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National Association of Regulatory Utility Commissioners v. Coleman

decided: August 31, 1976.

NATIONAL ASSOCIATION OF REGULATORY UTILITY COMMISSIONERS, COMMONWEALTH OF PENNSYLVANIA, AND PENNSYLVANIA PUBLIC UTILITY COMMISSION,
v.
WILLIAM T. COLEMAN, JR., INDIVIDUALLY AND AS SECRETARY OF TRANSPORTATION OF THE UNITED STATES OF AMERICA AND ASAPH H. HALL, INDIVIDUALLY AND AS ACTING ADMINISTRATOR OF THE FEDERAL RAILROAD ADMINISTRATION, DEPARTMENT OF TRANSPORTATION, DEPARTMENT OF TRANSPORTATION OF THE STATE OF NEW YORK (INTERVENING PLAINTIFF IN D.C.), NATIONAL ASSOCIATION OF REGULATORY UTILITY COMMISSIONERS, THE COMMONWEALTH OF PENNSYLVANIA AND THE PENNSYLVANIA PUBLIC UTILITY COMMISSION, (PLAINTIFFS IN D.C.) AND THE DEPARTMENT OF TRANSPORTATION OF THE STATE OF NEW YORK, (INTERVENING PLAINTIFF IN D.C.), APPELLANTS



Appeal from the United States District Court for the Middle District of Pennsylvania.

Seitz, Chief Judge, Aldisert and Garth, Circuit Judges.

Author: Seitz

Opinion OF THE COURT

SEITZ, Chief Judge.

The issue presented on this appeal is whether the Federal Railroad Safety Act, 45 U.S.C. § 421 et seq., empowers the Federal Railroad Administration to promulgate regulations which preempt state railroad accident reporting requirements.

The pertinent facts may be briefly summarized. Plaintiffs are the Pennsylvania Public Utility Commission (PUC), the Commonwealth of Pennsylvania, the National Association of Regulatory Utility Commissioners (NARUC), and the Department of Transportation of the State of New York. The defendants are the Secretary and Department of Transportation, and the Federal Railroad Administration (FRA) and Acting Administrator thereof.

In December 1974, the FRA amended Part 225 of Title 49 of the Code of Federal Regulations to provide nationally uniform requirements for the reporting of railroad accidents to the FRA. The regulations contained the following provision:

"Issuance of these regulations under the Federal Railroad Safety Act preempts States from prescribing accident/incident reporting requirements."

49 C.F.R. § 225.1.

Plaintiffs then filed this action requesting the court to declare invalid and to enjoin enforcement of the regulations to the extent they preempt state accident reporting requirements. The district court, in a thorough and well-reasoned opinion,*fn1 denied plaintiffs' requests for relief, finding that the Federal Railroad Safety Act empowered the FRA to issue the challenged regulation. This appeal followed.

The Commonwealth of Pennsylvania and the PUC first contend that the district court erred in denying their motion to request the convening of a three-judge court to review the FRA's order. At the time this action was commenced, review of agency action under the Accident Reports Act required the convocation of a three-judge court, whereas agency orders under the Federal Railroad Safety Act were reviewable by a single district judge. In the instant case, the regulations promulgated by the FRA expressly state that they are based, in general, on the authority of both Acts. However, the specific provision challenged here which preempts state accident reporting requirements recites as its sole statutory basis the Federal Railroad Safety Act. We therefore conclude that the single district judge correctly denied plaintiffs' motion and properly exercised jurisdiction in the instant case.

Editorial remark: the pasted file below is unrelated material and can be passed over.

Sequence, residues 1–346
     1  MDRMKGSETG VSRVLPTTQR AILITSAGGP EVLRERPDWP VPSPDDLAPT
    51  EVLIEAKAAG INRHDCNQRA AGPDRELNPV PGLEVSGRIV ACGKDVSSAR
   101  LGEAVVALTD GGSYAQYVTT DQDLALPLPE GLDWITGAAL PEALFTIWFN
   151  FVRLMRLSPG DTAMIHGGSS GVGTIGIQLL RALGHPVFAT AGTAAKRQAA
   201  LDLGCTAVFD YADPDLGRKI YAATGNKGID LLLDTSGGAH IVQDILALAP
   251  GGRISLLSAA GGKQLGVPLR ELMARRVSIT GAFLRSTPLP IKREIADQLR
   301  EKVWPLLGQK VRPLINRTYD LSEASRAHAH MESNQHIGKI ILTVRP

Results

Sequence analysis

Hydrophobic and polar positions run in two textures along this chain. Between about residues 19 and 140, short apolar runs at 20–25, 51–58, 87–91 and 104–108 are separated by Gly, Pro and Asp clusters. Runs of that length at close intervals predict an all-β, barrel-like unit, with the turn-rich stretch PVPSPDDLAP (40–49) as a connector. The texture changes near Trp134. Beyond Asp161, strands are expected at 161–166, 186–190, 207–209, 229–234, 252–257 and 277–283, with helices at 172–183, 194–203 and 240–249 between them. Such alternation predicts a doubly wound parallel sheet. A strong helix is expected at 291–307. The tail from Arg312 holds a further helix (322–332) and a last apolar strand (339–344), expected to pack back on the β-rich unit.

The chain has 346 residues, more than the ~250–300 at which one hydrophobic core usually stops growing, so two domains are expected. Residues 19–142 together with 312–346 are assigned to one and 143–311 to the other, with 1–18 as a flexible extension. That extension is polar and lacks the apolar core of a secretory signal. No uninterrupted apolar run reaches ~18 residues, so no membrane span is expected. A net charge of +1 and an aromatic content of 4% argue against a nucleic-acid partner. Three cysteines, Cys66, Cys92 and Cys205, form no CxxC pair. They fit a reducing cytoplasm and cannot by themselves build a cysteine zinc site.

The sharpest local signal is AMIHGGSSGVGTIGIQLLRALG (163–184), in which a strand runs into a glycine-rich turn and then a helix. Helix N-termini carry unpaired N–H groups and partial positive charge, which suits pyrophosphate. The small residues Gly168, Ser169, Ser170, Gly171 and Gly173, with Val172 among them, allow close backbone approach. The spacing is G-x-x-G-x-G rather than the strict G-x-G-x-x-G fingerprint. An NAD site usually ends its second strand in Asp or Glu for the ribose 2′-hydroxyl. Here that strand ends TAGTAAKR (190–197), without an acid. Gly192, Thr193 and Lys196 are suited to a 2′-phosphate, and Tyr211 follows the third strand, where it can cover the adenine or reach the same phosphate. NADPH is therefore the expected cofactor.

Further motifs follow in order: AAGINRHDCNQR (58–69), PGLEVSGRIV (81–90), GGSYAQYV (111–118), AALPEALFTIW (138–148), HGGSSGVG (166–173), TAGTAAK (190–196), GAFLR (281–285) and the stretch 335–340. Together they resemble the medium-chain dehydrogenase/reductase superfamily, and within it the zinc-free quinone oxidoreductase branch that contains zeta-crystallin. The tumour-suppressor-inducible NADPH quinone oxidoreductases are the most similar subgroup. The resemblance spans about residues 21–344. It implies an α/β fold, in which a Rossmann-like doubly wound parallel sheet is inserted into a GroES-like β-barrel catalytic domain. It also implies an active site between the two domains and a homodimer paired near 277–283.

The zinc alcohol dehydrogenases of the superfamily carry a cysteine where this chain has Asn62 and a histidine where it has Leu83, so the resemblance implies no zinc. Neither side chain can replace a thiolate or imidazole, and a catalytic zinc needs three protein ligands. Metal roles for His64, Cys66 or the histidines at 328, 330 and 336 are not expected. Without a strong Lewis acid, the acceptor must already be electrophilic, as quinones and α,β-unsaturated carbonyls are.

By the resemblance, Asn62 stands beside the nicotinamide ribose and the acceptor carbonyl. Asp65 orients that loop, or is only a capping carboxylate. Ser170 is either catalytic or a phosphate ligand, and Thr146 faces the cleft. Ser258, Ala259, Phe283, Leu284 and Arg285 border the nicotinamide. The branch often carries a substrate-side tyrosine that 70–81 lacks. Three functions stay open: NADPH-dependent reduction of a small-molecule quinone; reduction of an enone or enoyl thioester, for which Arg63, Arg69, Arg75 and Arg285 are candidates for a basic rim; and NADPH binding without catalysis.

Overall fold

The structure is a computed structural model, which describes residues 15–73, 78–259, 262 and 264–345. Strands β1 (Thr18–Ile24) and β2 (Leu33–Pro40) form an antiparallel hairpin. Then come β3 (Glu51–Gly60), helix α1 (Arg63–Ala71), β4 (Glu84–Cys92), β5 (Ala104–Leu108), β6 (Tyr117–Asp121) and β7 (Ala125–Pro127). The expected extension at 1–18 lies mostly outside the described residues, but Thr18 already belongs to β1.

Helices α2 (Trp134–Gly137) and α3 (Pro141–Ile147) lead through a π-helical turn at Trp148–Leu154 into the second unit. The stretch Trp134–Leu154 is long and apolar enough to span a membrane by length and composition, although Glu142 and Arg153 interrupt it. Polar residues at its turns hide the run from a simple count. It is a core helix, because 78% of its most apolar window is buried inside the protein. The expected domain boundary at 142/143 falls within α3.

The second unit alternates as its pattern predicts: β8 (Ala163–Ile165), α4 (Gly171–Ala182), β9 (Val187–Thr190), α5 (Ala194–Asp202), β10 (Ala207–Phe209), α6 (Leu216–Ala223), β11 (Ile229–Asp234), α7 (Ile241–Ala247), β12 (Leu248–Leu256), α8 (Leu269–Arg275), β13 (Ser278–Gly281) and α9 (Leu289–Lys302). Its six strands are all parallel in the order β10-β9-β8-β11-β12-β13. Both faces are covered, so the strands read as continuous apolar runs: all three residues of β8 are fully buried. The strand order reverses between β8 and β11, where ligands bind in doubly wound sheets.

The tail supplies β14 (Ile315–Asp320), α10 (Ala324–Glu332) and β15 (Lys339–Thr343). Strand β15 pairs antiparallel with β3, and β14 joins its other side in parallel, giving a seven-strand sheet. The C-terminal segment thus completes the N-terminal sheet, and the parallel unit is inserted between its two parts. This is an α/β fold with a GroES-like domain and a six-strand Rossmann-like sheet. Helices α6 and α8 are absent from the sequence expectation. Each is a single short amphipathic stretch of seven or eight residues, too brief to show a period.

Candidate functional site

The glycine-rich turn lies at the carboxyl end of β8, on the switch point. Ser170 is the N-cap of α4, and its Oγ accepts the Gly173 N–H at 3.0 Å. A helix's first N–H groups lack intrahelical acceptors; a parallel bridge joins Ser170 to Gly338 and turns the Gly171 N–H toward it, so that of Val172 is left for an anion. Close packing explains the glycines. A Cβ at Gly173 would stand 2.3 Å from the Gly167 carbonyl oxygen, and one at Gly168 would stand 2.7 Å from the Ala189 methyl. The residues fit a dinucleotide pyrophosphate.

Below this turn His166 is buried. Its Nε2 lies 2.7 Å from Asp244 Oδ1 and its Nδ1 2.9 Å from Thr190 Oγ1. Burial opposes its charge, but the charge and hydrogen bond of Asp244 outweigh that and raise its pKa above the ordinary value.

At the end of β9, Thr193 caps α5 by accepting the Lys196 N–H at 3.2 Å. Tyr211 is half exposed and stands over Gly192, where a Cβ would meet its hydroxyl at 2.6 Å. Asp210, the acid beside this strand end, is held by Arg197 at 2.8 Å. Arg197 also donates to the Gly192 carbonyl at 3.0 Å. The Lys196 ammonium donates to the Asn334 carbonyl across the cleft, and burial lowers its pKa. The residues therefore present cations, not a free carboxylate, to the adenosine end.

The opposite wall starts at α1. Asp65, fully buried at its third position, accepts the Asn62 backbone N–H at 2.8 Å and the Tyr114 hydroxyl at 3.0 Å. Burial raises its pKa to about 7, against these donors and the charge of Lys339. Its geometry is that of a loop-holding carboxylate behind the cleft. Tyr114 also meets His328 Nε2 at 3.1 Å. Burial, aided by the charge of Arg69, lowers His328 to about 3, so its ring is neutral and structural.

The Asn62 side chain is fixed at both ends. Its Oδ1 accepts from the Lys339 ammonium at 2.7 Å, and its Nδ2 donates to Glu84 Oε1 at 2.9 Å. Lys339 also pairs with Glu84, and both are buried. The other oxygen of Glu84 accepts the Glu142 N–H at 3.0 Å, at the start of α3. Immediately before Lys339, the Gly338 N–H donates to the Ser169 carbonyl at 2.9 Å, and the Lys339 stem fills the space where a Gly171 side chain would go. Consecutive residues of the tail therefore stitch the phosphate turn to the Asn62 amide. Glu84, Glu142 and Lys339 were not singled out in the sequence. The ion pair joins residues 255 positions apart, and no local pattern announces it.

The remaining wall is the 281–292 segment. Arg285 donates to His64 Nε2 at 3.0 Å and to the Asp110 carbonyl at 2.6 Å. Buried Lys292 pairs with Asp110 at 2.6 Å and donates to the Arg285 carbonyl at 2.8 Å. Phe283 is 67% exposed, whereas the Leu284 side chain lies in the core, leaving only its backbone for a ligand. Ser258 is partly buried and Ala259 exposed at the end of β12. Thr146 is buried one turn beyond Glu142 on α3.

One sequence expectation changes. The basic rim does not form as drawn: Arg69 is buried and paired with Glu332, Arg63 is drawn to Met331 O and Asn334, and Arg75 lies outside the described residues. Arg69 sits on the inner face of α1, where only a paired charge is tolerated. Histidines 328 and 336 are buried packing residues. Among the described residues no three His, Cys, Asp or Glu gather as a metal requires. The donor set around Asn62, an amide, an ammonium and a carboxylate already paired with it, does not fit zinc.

We turn, therefore, to plaintiffs' allegations of error with respect to the district court's conclusion that the Federal Railroad Safety Act authorizes the FRA to issue preemptive accident reporting regulations. Applying the test set forth in Florida Lime & Avocado Growers, Inc. v. Paul, 373 U.S. 132, 10 L. Ed. 2d 248, 83 S. Ct. 1210 (1963), plaintiffs maintain that Congress did not "unmistakably ordain", and the nature of accident reporting requirements does not require, that state reporting requirements be preempted. Rather, they assert, the Federal Railroad Safety Act contemplates concurrent state and federal regulation in the accident reporting and railroad safety field. On the other hand, defendants contend and the district court concluded that the express language and legislative history underlying the Federal Railroad Safety Act both manifest an intent on the part of Congress to provide a nationally uniform system of railroad safety regulations, a goal which can only be achieved through the preemption of state requirements.

Our analysis commences with the language of the Federal Railroad Safety Act itself, which provides in pertinent part:

§ 434. National uniformity of laws, rules, regulations, orders, and standards relating to ...


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